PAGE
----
Corneal endothelial cell area distributions for long-term contact lens wearers differ from those of nonusers of contact lenses. A comparison of cell area distributions for contact wearers and a sex- and age-matched control group of nonwearers is shown in Figure 5
The coefficient of variation (standard deviation divided by the mean) of endothelial cell area is the generally accepted measure of endothelial polymegethism. For nonusers of contact lenses in the age range of 20–30, the coefficient of variation of endothelial cell area is generally about 24 per-
cent. For the same age range, contact lens wearers may show coefficients of variation for endothelial cell area that may approach 60 percent or greater.
Endothelial cell polymegethism has been noted with polymethylmethacrylate (PMMA) wear (Schoessler and Woloschak, 1981; Stocker and Schoessler, 1985), in hydrogel daily (MacRae et al., 1986) and extended wear (Schoessler, 1983), in rigid gas-permeable daily (Woloschak, 1983) and extended wear (Orsborn and Schoessler, 1988), and with continued eye closure (Schoessler and Orsborn, 1987). Endothelial cell polymegethism has not been found in persons wearing silicone elastomer for daily and extended wear (Schoessler et al., 1984).
As endothelial cells become larger or smaller as a result of contact lens wear, they also tend to deviate from the normal hexagonal pattern. Larger cells tend to have more than six sides, while smaller cells are often pentagonal. The numbers of hexagonal cells are generally reduced to about 50–60 percent of the endothelial mosaic.
In addition, the endothelium of eyes exposed to long-term contact lens wear is often characterized by irregularly shaped cells. Examples of such cells are noted in Figure 6 Such extreme changes in cell morphology have generally not been described for the normally aging patient.
Endothelial cell photographs from contact lens wearers may also reveal cells that appear thick or “swollen.” These cells seem to project out of the mosaic pattern and are mostly noted in persons who have worn PMMA contact lenses for long periods of time. Examples of this phenomenon are seen in Figure 6
It is obvious that corneal endothelial cells respond both immediately and chronically to corneal hypoxia. Prolonged contact-lens-induced hypoxia causes: no change in endothelial cell density, increased endothelial polymegethism, decreased numbers of hexagonal cells, increased numbers of irregular cells, unevenness of endothelial mosaic pattern, and decreased cell functional capacity. The implications of these phenomena are not completely clear, although some trends are becoming evident.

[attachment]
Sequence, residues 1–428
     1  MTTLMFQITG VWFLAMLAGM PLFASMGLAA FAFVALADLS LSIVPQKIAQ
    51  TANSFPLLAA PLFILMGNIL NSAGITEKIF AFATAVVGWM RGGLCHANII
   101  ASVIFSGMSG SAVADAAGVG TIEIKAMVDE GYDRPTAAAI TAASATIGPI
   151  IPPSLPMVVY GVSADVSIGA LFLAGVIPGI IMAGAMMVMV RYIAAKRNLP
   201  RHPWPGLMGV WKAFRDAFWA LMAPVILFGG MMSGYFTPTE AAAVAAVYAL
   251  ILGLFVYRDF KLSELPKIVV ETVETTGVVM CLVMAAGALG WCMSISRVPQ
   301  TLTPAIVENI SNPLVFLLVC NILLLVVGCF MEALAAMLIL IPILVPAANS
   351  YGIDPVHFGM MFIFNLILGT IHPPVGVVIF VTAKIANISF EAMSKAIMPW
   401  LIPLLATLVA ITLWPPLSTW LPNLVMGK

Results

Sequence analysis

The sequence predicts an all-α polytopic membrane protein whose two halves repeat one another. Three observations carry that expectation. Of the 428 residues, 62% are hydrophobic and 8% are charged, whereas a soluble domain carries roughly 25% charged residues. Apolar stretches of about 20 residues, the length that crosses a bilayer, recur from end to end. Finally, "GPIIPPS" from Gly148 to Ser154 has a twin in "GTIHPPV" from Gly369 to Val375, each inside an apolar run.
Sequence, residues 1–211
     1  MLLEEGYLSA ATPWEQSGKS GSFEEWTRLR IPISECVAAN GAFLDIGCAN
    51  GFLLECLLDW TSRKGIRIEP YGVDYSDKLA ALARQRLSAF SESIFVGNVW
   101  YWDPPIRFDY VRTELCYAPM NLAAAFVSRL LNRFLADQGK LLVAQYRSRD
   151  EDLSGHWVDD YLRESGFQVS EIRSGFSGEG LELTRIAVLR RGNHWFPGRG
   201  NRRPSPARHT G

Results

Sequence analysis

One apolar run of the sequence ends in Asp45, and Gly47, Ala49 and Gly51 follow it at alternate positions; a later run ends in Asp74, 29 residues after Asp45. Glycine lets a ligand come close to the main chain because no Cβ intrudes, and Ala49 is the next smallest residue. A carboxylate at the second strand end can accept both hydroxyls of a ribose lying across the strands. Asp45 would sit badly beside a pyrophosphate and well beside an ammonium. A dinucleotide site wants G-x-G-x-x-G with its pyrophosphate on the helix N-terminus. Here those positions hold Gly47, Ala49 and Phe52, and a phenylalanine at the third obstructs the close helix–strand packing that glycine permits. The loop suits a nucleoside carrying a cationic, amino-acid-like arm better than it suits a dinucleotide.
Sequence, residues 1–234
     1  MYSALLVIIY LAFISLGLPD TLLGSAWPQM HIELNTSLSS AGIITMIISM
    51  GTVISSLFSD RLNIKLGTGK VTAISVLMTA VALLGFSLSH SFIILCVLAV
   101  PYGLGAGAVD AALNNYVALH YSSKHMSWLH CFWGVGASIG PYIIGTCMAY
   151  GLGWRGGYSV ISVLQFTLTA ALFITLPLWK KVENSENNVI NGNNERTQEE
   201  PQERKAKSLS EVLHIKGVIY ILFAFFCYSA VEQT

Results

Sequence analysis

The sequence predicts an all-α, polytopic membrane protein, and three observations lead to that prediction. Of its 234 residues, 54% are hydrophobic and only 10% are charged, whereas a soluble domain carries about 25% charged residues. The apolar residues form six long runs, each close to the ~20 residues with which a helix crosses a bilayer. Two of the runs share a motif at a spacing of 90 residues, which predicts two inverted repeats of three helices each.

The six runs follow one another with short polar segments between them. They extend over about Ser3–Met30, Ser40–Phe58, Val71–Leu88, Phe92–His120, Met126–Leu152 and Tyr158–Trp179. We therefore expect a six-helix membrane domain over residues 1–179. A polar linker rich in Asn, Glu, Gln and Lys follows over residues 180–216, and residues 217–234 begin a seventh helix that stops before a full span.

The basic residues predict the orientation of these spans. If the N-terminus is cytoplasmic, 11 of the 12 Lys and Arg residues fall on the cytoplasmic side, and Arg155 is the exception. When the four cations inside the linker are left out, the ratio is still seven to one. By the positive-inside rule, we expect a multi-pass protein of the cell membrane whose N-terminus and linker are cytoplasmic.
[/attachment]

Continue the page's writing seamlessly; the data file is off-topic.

The significance of polymegethous and pleomorphic cell changes lies in the notion that they are correlated with loss of endothelial cell function. It is not apparent whether the barrier function or pump mechanism of the endothelium, or both, is altered. Conner and Zagrod (1986) suggest several mechanisms by which the endothelial barrier and pump functions may be altered by contact lens wear. One suggestion is that ATP levels and altered
calcium homeostasis may be responsible for contact-lens-induced endothelial polymegethism. In addition, other suggestions as to the actual agent involved in producing the cell changes include pH shift and lactate or carbon dioxide buildup. Some investigators postulate that the barrier function of the endothelial layer is faulty by reason of aberrated cells with altered interdigitations producing an ineffective barrier (Rao et al., 1984).
Rao and co-workers (1979, 1984) have shown that persons with corneal endothelial polymegethism are at greater risk for corneal swelling complications following surgery for (IOL) implantation. The implication is that contact lens wear may alter endothelial cells sufficiently to impair their ability to allow the cornea to regain normal deturgescence following severe corneal stress, such as that from IOL surgery. This conclusion reemphasizes the need for development of contact lens materials with high oxygen permeability. Lens design becomes a key factor also for providing maximum oxygen transmissibility. This would include the use of thinner rigid bitoric lenses for patients with moderate corneal astigmatism instead of rigid spherical back curve lenses designed with increased center thickness to prevent lens flexure. The development of endothelial polymegethism may also be responsible for the “corneal exhaustion syndrome,” whereby persons who have worn
PMMA lenses for many years suddenly find they are not able to tolerate them anymore.
Complete recovery from significant endothelial polymegethism is apparently not possible. Only slight recovery from contact-lens-induced endothelial polymegethism has been noted following cessation of contact lens wear or after switching to lenses of significantly higher oxygen transmissibility. The development of contact-lens-induced endothelial polymegethous cell changes is the indirect result of corneal hypoxia and is related to contact lens oxygen transmissibility, contact lens design, hours of contact lens wear, and type of wear (daily or extended).
It is certain that contact lens events at the front of the cornea affect the status of the important endothelial layer. For the majority of the present contact-lens-wearing population, this may mean an increased risk of corneal swelling complications or other problems following high corneal stress such as corneal surgery. One must be concerned not only with the reported results of cataract/IOL surgery but also with potential long-term problems associated with radial keratomy procedures on corneas with polymegethous endothelial cells.
Furthermore, a recent case study by Roth (1986) reports the observation of an apparent spontaneous bullous kertopathy resulting from pleomorphic endothelial changes induced by long-term PMMA and soft contact lens wear. This could possibly indicate that a contact lens environment alone is enough of a stress factor to cause corneal decompensation in some persons with abnormal endothelial cells. It is obvious that this topic will be the focus of much research for some time to come. At present, measures to reduce the probability of contact-lens-induced endothelial changes include using contact lens materials with the highest oxygen transmissibility and advising patients to use daily-wear lenses during waking hours only.